Changing Times

The ‘Beer Orders’ – a statutory instrument introduced by the government to allow access to ‘tied’ pub estates owned by the big national breweries through the use of ‘guest ale’ slots in these previously impenetrable outlets did allow for some additional sales. However pubs were, and still are, closing with alarmingly regularlarity. Since 2000 the U.K. has lost more than 25% of it’s public houses – due in most part to the prevalent economic conditions, the changing of people’s recreational habits and, more latterly, the Covid epidemic and subsequent near 14 month complete shutdown of Public houses during the Government enforced lock downs.

So, what does a burgeoning draught beer market do in the face of rapidly declining dispense locations? Answer; They package – bottle, can, bag-in-box, mini keg – any other method than the traditional… How do they reach their target audience? Answer; They sell to shops, non traditional outlets, wholesalers, on-line retailers (like ourselves), or direct from their own websites.

This more direct method of sales has allowed this growth to happen rapidly, probably only now reaching saturation point. The churn of Micro breweries has increased. Closures are on the increase, but there is usually someone quickly ready to fill the gap that has been left.This increased competition inevitably leads to greater quality and efficiency, as brewers fight to maintain their customer base.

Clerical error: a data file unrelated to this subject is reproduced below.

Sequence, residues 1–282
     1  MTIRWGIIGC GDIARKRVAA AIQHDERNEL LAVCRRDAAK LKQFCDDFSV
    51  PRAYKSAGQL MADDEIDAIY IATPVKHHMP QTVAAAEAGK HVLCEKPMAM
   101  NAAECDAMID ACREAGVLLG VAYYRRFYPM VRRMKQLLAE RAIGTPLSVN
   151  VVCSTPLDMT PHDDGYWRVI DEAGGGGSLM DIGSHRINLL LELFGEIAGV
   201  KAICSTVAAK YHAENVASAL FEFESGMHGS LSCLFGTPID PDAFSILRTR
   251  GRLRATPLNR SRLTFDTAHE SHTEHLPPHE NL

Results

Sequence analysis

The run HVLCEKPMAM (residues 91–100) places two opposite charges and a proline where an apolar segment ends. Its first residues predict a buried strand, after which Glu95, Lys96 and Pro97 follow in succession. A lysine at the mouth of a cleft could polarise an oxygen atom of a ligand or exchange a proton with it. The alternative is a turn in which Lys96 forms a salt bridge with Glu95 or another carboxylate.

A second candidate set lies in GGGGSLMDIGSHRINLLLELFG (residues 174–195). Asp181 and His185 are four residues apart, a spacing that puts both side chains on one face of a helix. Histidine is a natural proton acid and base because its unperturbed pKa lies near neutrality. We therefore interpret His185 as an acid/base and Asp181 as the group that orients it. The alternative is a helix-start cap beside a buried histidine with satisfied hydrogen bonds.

The Cornish Beer Scene

Visitors to our county are absolutely spoiled for choice, a stroll through our bottle store in our create your own section will show this through the myriad of beers available. A long association with the brewing industry led me to an opportunity that I couldn’t let pass by. In my capacity as Trade Quality Manager at one of the main local brewers I was asked, many years ago now, to arrange a beer festival in the domed stage area at the Eden Project. The brief was simple, buy the beer, set it up, keep it Cornish…  So, after a good deal of planning, a lot of phone calls, much stock collection we managed to achieve this, and in fact we did for the following three years.

This experience planted a seed in my mind.. I asked myself, can I make a business of this? Can I do this in bottle, or can, on-line, using only Cornish brands? I discussed it with my wife, we hatched a plan, we spent a lot of money and ‘Hey Presto’ twelve years and four websites later here we are with the shiny new ‘Cornish Drinks Company.’

We were and still very much are, incredibly passionate about offering quality local Cornish products to customers anywhere in the U.K. It doesn’t matter if you live hundreds of miles from us. We visit these brewers, we know them, we know what great product they and subsequently we, offer. We hope our customers find this site enjoyable to peruse and easy to use. We know that the products offered within are second to none. We are so proud to be able to offer beers from the most South Westerly Brewery in the U.K. (Ales Of Scilly) One of the oldest Brewpubs in Britain (The Blue Anchor, Helston) and the most Southerly Brewery on the mainland (Lizard Ales).